I have not had a problem with BB, however I would not use them for certain things. They are fine for in the box same as everywhere items like iPods and video game systems, headphones, video games, accessories, kindles, tablets etc. However I wouldn’t use their services like geek squad. I wouldn’t buy a TV there either or any item that can vary from retailer to retailer or items that are retailer specific like made for Black Friday items and TV’s. I honestly can’t say I have tried buying a TV at BB but my experience with all B&M TV retailers is that they have lots of TV’s on display but none actually in stock, then it takes 20 min to find out its not in stock, Amazon it is, they always have plenty of TV’s in stock.

  36. Rocinante says:

    “So before the powers that be in Richfield go blaming Amazon for all their woes, they might want to have a look at a little website called”

    Anecdotal evidence does not prove your point.

  37. Moo Strength says:

    I honestly don’t know why you didn’t just try to issue a charge back after about 2 weeks of all their BS.

    At this point they’re basically repetitively shocking “life” into a “Frankenstein” of a retailer. Despite repeated attempts to fix all the flailing and ever increasing disaster of an invention, the problems continue to outpace the solutions with Best Buy, so much so that unfortunately the entire concept is such a useless and decrepit concept of a business model and creation, it’s time to be put down has already come and gone. Best Buy proverbially smells bad, looks bad, doesn’t work right, causes far more harm then good, and at this point, it is, basically, completely inept.

    Given the way things have continued to spiral out of control, I think it would be much better if the local villagers gathered their pitch forks and torches and collectively decided to just burn the blasted Minnesotan created company to the ground. In doing so, harmony and life can move on, because the existing entity that is known as Best Buy is something even God couldn’t possibly create that’s so inept.

    You can only hemorrhage so much disaster for so long, before you’re better off ending the creation and putting something that should have died years ago out of its misery forever.

  38. Bob A Dobalina says:

    These stories no longer provoke outrage. People, especially Consumerist readers, should realize that things like this *will* happen. If you shop at Bendover Buy, you may as well just throw your money in the door and walk away.

    Then again, these stories do provoke a little anger- at the people who continue to shop there and delay the inevitable death of Big Blew

  39. JamesBenjamin says:

    I don’t understand people refusing gift cards when a company farks up, because they dont want “their money” going to the company. Its not “your money” its them giving you free stuff! Take the GC and go buy some DVDs with it. Or give it to someone’s kid for Christmas. Give it to charity.

    • chefboyardee says:

      my guess is because it still affects their bottom line, depending on how they look at their profits (i’m not an accountant, but i would guess somehow this shows up as a ‘sale’). either way, very few people spend less than or equal to a gift card, most people want to use the full amount and go over. that means if they give it as a gift, they’re pumping money into BB’s pocket in almost all cases. if they were to keep it and spend under $25, i guess it’s not a huge deal to accept it, but in my experience with friends that’s rarely the case. nobody wants to “waste” money but spending exactly $25 is hard. just some theories.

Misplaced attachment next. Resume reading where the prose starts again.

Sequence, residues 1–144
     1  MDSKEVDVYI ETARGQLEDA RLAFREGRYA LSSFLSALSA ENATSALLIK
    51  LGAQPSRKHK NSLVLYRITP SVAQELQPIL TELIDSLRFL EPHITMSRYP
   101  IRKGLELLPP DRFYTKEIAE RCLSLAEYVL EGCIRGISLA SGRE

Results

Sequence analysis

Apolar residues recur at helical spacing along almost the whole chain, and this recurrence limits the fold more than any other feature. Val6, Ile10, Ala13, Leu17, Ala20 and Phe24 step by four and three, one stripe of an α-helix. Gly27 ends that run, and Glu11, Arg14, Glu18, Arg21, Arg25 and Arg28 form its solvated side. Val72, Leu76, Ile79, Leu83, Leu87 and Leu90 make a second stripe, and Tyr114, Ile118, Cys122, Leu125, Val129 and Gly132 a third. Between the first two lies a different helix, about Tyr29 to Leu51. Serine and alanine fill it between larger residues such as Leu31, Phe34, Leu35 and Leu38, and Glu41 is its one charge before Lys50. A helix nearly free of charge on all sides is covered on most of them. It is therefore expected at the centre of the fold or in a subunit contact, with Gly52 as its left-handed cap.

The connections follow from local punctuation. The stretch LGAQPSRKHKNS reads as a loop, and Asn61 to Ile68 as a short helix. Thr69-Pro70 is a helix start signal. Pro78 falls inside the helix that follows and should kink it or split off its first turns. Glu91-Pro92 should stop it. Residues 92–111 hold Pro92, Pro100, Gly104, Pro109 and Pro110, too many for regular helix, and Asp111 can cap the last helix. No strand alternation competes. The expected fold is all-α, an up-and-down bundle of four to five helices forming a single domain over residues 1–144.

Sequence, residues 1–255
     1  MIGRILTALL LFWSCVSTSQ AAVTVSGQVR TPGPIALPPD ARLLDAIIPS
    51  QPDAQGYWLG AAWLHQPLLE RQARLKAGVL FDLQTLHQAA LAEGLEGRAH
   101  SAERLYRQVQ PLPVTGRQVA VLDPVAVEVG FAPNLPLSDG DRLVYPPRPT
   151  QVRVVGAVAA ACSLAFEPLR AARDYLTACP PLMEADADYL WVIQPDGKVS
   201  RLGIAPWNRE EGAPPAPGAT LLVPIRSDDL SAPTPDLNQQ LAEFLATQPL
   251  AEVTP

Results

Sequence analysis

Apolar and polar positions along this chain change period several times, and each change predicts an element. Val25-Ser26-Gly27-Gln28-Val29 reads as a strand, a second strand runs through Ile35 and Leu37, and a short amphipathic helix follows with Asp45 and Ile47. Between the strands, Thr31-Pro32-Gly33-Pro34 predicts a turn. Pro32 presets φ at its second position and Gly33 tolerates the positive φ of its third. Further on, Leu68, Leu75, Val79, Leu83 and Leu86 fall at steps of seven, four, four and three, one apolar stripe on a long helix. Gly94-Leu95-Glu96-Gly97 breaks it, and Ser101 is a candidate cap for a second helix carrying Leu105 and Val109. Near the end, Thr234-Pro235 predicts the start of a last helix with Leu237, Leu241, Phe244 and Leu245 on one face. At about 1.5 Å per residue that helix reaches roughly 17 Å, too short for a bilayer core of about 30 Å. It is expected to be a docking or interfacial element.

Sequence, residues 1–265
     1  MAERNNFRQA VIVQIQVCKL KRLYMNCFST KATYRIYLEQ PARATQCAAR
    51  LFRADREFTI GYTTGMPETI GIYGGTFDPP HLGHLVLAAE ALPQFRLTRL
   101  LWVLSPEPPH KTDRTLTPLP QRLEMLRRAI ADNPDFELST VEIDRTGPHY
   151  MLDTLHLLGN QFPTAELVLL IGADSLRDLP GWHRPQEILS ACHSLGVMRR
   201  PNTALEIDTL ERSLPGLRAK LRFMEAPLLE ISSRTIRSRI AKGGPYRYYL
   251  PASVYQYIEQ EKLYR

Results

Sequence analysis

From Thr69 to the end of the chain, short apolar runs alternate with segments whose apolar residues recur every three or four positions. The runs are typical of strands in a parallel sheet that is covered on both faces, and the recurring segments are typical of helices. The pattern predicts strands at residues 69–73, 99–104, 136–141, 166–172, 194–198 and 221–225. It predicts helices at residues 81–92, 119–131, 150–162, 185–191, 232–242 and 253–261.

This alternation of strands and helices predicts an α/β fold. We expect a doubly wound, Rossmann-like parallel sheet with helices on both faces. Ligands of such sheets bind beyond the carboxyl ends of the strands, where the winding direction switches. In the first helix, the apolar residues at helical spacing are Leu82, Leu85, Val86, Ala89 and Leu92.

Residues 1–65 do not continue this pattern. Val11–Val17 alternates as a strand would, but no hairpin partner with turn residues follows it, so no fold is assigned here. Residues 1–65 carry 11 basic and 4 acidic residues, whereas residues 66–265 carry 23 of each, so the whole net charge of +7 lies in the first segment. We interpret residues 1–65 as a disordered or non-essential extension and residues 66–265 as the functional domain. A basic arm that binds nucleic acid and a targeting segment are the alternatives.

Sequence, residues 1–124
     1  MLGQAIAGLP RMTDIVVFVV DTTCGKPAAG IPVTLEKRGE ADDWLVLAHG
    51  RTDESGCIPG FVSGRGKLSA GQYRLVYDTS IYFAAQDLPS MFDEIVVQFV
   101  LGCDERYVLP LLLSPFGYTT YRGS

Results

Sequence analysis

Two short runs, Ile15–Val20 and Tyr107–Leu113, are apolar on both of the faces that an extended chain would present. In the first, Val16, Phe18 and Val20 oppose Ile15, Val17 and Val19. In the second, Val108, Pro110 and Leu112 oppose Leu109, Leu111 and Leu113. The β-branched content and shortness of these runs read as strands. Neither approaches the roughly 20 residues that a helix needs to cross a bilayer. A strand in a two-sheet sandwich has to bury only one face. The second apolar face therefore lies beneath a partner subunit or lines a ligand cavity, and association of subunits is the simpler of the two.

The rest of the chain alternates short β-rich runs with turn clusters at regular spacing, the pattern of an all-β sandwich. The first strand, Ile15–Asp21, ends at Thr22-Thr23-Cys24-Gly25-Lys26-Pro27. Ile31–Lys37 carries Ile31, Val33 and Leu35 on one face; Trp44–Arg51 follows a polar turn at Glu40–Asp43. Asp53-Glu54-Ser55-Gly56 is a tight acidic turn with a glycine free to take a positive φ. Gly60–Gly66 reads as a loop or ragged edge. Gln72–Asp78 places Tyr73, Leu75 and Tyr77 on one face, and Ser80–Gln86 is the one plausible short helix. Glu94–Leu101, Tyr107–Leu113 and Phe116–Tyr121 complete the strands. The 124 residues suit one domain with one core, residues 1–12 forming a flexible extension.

• Freshmaker says:

        I had a bad experience with BB that kept me away, but got a BB gift card for Christmas last year from someone not in the know. Luckily, you can walk in and use those gift cards for a like amount on an iTunes card, so there’s no chance of spending any extra cash.

  40. luxosaucer13 says:

    This is a monumental farkup by BB, but I do have to ask the question: Did Ally not know of the impending wedding far enough in advance in order to allow for a few extra days shipping for the item, and some extra time in case of a problem?

    The only scenario where she has ZERO culpability in this is if her invitation arrived a week or less away from the actual event.

    On a side note, expecting BB’s online site not to mess SOMETHING up is kinda like walking into a Sears store and getting swept off your feet by their *stellar* customer service; it just doesn’t happen.

  41. elephantattack says:

    I’m almost certain that best buy uses convergys for their call center. Explains this story I’d say!

  42. BurtReynolds says:

    I had something similar happen. I cancelled a preorder item and somehow that resulted in a credit to my order for the sale price, but also the addition of one more of the same item, but at regular price. So I had zero of that item, but an order saying I had bought two at two different prices and returned one.

    It took 4 different calls over two weeks (and several hours of my time) to finally get one person who took ownership and figured out how to fix the mess. Then she refunded me slightly more than she should have, after I laid all the numbers out for her. I was tempted to call and point it out, but had no confidence that it wouldn’t turn into another nightmare for me.

  43. Harry Greek says:

    I go to Best Buy for:
    – cheap BluRays
    – Black Friday sales
    – Killing time
    – a quick and dirty hardware need ($100 HD LED TV just 2 days ago)

    I AVOID at all possible costs, dealing with BB on the internet. I have not been bitten by any issues, but I have seen and heard SO much crap occur over BB internet transactions, I do not dare chance it.